Just like human babies, puppies go through an uncomfortable period of teething which will likely have your puppy chewing on anything and everything they can get their paws on to try and soothe their sore mouths. You’ll notice your puppy teething after you bring them home when they are two months old.
So what can you expect while your puppy is teething? Let’s go through the symptoms, timeline, and tips to help soothe your teething puppy.
Puppies are born without teeth, so they begin teething very early on, and by 2 weeks old their baby teeth begin to emerge and should all be present by the time they reach 8 weeks old.
When your puppy is 8 weeks old, which is when most puppies head to their furever homes, they will start to lose their deciduous teeth, also known as their milk teeth or baby teeth.
Once your puppy is 10 to 12 weeks old, their adult teeth will start to emerge. This is uncomfortable and it will take a few weeks for all their teeth to come through and for teething to finish.
Puppy teething begins very early in their life and will continue for several months. In terms of teething, a puppy will begin teething at about 10 to 12 weeks old as their adult teeth start to erupt and this push their baby teeth out. Your puppy won’t have a full set of adult teeth until they are about 6 months old.
Generally, you can expect your puppy to be teething for about four months, but some breeds can take a little longer.
It is possible your puppy could have trouble losing all their baby teeth, so it’s important to check their mouth regularly. You might find they appear to have a double set of teeth, or their teeth look crowded, and you should point this out to your vet. If a puppy doesn’t lose all their baby teeth, they might need to have the baby teeth removed by the vet.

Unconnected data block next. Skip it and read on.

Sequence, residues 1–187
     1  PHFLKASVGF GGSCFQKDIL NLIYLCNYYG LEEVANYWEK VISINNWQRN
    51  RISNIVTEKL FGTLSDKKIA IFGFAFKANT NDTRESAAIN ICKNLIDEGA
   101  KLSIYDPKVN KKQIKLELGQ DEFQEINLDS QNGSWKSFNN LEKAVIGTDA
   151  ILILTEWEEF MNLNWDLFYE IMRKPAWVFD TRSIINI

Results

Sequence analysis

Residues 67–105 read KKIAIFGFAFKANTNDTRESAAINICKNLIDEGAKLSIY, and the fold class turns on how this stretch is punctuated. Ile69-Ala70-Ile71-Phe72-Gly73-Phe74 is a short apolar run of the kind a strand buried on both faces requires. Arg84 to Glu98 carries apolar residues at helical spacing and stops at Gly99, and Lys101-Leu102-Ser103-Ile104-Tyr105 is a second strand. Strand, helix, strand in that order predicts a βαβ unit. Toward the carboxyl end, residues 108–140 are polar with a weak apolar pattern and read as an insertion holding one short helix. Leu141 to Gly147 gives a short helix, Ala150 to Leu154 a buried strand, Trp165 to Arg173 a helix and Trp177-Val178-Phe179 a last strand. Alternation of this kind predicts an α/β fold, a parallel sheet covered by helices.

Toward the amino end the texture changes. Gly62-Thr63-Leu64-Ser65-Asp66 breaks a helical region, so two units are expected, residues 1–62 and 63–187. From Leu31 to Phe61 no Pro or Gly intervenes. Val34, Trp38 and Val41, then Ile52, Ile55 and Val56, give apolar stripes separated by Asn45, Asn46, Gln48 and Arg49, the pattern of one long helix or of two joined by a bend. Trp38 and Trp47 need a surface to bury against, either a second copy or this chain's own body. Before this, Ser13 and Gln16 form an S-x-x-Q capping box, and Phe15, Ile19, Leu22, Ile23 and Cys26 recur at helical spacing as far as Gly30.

The clearest sign your puppy is teething is finding tiny little teeth on the floor. (They can look like broken grains of rice.) However, puppies tend to swallow most of their baby teeth, so you might not find that many.
Slowing down when eating.
Showing less interest in their food.
Whining when chewing or eating.
Chewing more often and chewing different things.
Mouthing and nipping at you.
Spots of blood on their chew toys.
Red, swollen gums.
Finding teeth on the floor, or wherever your puppy has been.
Although some whining, discomfort, and trouble eating are pretty normal for a teething puppy, you should still monitor them. If they begin to refuse food and seem listless, restless, or in any way out of sorts you should contact your vet for advice.
Yes, just like with teething babies, puppies are dealing with discomfort in their gums when they are teething. Chewing helps them to relieve that pain and soothes them. Specifically chewing something cold can really help to soothe their gums. You can also give them a helping hand by adding more water to their Pure dinners and making their food softer while they’re teething so they don’t have to chew so much.
It should go without saying, but never give your puppy bonjela or any humans medicine that you would give to a teething baby.
One of the best things to give your teething puppy is a frozen, rubber toy because the cold helps to soothe their gums as they chew.
A great way to help your puppy is to stuff a Kong with Pure and freezing it. That way you can offer your pup their dinner and keep them focused on chewing the Kong, while the cold of the toy and frozen food will help to numb their painful gums. You can also buy puppy teething rings and freeze them.